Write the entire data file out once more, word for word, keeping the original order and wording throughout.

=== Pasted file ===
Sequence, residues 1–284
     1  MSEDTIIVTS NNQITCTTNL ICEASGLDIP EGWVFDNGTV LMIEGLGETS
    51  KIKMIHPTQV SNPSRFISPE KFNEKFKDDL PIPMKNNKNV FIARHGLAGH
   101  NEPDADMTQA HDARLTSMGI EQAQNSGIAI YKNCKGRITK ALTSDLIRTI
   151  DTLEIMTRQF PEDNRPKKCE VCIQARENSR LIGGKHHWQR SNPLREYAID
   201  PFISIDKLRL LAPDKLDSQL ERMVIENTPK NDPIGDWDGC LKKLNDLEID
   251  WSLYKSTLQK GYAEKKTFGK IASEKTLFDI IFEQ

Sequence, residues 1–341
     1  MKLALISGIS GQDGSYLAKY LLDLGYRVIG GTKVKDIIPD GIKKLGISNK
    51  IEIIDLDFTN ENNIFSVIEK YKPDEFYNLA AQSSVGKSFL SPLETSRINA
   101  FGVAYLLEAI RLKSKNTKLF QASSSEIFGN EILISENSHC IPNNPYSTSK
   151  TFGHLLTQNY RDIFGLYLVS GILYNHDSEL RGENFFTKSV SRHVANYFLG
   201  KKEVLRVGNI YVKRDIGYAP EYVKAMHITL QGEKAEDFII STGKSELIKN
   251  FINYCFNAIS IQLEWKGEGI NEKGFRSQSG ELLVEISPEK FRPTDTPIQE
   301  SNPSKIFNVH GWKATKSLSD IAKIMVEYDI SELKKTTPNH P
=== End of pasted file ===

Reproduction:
Sequence, residues 1–284
     1  MSEDTIIVTS NNQITCTTNL ICEASGLDIP EGWVFDNGTV LMIEGLGETS
    51  KIKMIHPTQV SNPSRFISPE KFNEKFKDDL PIPMKNNKNV FIARHGLAGH
   101  NEPDADMTQA HDARLTSMGI EQAQNSGIAI YKNCKGRITK ALTSDLIRTI
   151  DTLEIMTRQF PEDNRPKKCE VCIQARENSR LIGGKHHWQR SNPLREYAID
   201  PFISIDKLRL LAPDKLDSQL ERMVIENTPK NDPIGDWDGC LKKLNDLEID
   251  WSLYKSTLQK GYAEKKTFGK IASEKTLFDI IFEQ

Sequence, residues 1–341
     1  MKLALISGIS GQDGSYLAKY LLDLGYRVIG GTKVKDIIPD GIKKLGISNK
    51  IEIIDLDFTN ENNIFSVIEK YKPDEFYNLA AQSSVGKSFL SPLETSRINA
   101  FGVAYLLEAI RLKSKNTKLF QASSSEIFGN EILISENSHC IPNNPYSTSK
   151  TFGHLLTQNY RDIFGLYLVS GILYNHDSEL RGENFFTKSV SRHVANYFLG
   201  KKEVLRVGNI YVKRDIGYAP EYVKAMHITL QGEKAEDFII STGKSELIKN
   251  FINYCFNAIS IQLEWKGEGI NEKGFRSQSG ELLVEISPEK FRPTDTPIQE
   301  SNPSKIFNVH GWKATKSLSD IAKIMVEYDI SELKKTTPNH P